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Fighting a Devastating Epidemic

 Marking the 50th anniversary

 If you ask people in the United States what health epidemic has been one of the most devastating to the American public, most would not have an answer. In fact, a war has been fought against this epidemic for the past fifty years. This year marks the 50th anniversary of the U.S. surgeon general's report that tied tobacco to lung cancer for the first time. Since that time, additional scientific research has added many more health issues to the growing list of smoking’s side effects. The surgeon general, in a recent report, acknowledges that smoking can also lead to diabetes, liver cancer, erectile dysfunction, and ectopic pregnancy.

 Watching old TV programs reminds us of how casual and pervasive smoking once was, especially the old game shows. It was not uncommon to see Garry Moore holding a cigarette in his hand as he introduced panelists and contestants. He often was seen taking a drag on a cigarette, and smoke wafted up from ashtrays on the desk in front of him. Dramas from the 1940's and 50's always had characters smoking while onscreen. As the war on smoking and second-hand exposure began, scenarios such as these were verboten. As new evidence emerged about the additive effects of tobacco use, smoking was no longer "cool" or guaranteed a teenager's entry into adulthood.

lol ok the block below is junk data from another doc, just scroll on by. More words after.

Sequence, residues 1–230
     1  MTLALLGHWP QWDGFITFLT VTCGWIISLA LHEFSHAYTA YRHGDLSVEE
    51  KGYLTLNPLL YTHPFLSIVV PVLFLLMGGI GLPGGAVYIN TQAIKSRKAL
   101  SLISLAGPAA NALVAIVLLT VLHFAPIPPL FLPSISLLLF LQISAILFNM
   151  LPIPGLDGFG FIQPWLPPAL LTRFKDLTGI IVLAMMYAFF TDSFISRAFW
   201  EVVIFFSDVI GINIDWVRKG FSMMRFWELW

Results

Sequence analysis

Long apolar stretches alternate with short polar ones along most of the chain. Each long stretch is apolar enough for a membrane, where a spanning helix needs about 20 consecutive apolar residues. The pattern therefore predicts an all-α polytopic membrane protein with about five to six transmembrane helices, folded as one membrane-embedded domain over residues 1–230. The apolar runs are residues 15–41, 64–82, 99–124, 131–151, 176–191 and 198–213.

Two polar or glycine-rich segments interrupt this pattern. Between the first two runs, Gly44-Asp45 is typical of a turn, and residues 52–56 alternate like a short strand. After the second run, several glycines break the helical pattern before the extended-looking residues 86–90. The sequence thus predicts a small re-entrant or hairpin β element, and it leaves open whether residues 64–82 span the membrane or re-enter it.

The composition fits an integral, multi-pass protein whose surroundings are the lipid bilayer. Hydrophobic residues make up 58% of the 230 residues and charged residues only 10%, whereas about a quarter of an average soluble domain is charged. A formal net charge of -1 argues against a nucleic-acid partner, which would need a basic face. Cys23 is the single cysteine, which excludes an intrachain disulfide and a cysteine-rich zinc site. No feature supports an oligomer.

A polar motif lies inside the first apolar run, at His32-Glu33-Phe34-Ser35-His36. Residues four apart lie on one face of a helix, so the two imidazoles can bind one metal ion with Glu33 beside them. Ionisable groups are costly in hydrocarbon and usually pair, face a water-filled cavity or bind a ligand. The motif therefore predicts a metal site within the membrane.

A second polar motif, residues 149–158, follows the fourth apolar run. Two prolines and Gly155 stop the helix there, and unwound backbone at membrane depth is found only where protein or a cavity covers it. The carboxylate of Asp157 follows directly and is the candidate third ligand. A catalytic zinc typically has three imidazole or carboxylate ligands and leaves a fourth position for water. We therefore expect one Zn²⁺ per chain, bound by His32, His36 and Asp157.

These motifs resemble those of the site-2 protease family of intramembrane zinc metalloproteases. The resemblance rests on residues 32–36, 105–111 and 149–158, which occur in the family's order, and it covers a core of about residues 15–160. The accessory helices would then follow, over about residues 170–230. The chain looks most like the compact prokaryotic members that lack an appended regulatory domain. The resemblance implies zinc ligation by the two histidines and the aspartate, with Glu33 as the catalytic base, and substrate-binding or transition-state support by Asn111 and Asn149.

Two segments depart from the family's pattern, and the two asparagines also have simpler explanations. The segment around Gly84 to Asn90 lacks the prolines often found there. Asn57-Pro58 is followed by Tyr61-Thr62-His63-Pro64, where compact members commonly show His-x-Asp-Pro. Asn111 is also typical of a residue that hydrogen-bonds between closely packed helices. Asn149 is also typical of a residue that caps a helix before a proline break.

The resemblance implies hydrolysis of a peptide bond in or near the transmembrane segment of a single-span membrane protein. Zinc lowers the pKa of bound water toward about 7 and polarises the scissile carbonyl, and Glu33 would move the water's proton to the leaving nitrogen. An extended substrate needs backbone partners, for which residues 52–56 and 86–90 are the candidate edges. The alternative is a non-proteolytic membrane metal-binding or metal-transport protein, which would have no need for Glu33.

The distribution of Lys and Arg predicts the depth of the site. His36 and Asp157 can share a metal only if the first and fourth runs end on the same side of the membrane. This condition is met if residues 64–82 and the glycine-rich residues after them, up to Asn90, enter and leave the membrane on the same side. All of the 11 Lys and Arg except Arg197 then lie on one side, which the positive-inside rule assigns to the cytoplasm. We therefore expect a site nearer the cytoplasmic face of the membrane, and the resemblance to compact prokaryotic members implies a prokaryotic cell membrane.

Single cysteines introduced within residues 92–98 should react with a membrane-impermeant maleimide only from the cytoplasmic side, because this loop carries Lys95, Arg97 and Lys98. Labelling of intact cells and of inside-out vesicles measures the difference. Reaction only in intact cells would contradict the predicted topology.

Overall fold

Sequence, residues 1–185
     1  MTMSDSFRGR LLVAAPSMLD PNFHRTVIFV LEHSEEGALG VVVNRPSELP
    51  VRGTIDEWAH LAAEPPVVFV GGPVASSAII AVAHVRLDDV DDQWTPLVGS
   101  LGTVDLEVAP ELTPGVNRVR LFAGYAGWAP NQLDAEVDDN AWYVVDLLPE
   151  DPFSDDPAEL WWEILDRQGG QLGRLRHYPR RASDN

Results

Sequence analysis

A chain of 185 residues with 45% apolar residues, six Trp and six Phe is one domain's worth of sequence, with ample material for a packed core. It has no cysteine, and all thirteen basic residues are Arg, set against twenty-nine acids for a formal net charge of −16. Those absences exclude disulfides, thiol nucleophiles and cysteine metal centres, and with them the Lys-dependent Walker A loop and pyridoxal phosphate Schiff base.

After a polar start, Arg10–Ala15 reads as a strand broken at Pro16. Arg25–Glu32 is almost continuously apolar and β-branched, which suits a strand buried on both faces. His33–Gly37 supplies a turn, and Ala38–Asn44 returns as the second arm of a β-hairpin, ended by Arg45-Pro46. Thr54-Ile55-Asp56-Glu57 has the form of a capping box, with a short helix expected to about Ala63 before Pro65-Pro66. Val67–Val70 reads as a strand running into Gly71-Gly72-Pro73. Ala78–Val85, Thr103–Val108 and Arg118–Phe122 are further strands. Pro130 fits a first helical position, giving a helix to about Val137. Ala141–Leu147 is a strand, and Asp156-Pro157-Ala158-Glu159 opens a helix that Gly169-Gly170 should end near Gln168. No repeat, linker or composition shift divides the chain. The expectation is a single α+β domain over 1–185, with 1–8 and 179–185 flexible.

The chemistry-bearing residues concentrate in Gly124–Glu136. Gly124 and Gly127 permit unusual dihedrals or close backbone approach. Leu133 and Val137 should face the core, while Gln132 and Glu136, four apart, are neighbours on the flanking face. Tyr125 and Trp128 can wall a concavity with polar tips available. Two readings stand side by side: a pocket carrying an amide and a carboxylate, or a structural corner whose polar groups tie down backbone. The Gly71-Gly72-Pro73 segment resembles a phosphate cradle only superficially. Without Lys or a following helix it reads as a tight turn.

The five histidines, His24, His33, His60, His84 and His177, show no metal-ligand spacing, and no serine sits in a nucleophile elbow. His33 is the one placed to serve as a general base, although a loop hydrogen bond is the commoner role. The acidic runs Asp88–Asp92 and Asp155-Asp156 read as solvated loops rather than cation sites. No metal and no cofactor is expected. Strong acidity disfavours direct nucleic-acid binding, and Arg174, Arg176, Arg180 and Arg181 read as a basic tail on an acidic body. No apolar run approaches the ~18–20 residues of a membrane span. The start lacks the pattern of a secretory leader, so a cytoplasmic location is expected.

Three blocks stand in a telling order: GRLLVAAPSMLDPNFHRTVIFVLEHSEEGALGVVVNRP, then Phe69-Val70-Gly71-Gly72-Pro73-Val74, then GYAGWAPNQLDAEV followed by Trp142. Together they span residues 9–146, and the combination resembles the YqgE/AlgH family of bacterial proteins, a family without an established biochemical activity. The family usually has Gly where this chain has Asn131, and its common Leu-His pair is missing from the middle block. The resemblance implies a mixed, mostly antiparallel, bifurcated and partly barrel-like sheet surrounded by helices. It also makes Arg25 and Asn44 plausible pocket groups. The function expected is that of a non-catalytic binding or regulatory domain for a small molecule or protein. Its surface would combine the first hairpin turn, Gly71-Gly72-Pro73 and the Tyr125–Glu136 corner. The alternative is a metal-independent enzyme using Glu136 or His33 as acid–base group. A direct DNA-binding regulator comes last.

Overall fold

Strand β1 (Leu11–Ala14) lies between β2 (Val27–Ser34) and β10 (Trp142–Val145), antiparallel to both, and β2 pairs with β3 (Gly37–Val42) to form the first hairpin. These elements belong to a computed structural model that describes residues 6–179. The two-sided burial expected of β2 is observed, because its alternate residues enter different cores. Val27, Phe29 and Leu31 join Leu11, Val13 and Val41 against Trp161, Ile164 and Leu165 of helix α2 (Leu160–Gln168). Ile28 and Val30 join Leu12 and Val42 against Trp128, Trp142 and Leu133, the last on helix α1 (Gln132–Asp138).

In the past 50 years since the publication of that first report in 1964, smoking has contributed to the premature deaths of at least 20 million Americans, with 2.5 million of those deaths related to secondhand smoke. However, the Journal of American Medical Association (JAMA) estimates that anti-tobacco efforts have helped save at least 8 million American lives over the past five decades. With the help of the Centers for Disease Control and Prevention (CDC), and their investment in effective new public health campaigns encouraging people to quit, smoking rates are continuing to drop. The CDC reports that smoking rates in the U.S. recently fell below 20 percent; considered a milestone by health officials.

 The president of the Campaign for Tobacco-Free Kids, Matthew Myers, told the Washington Post, “It’s a winnable fight. We actually have the policies and programs to end the tobacco epidemic, and they don’t cost so much they can’t be implemented quickly.” The states' return on investment in the anti-tobacco programs are so cost-effective that some studies have estimated that states’ returns on them can be as high as $50 saved for every $1 spent. This seems a small price to pay for such an important investment.

 


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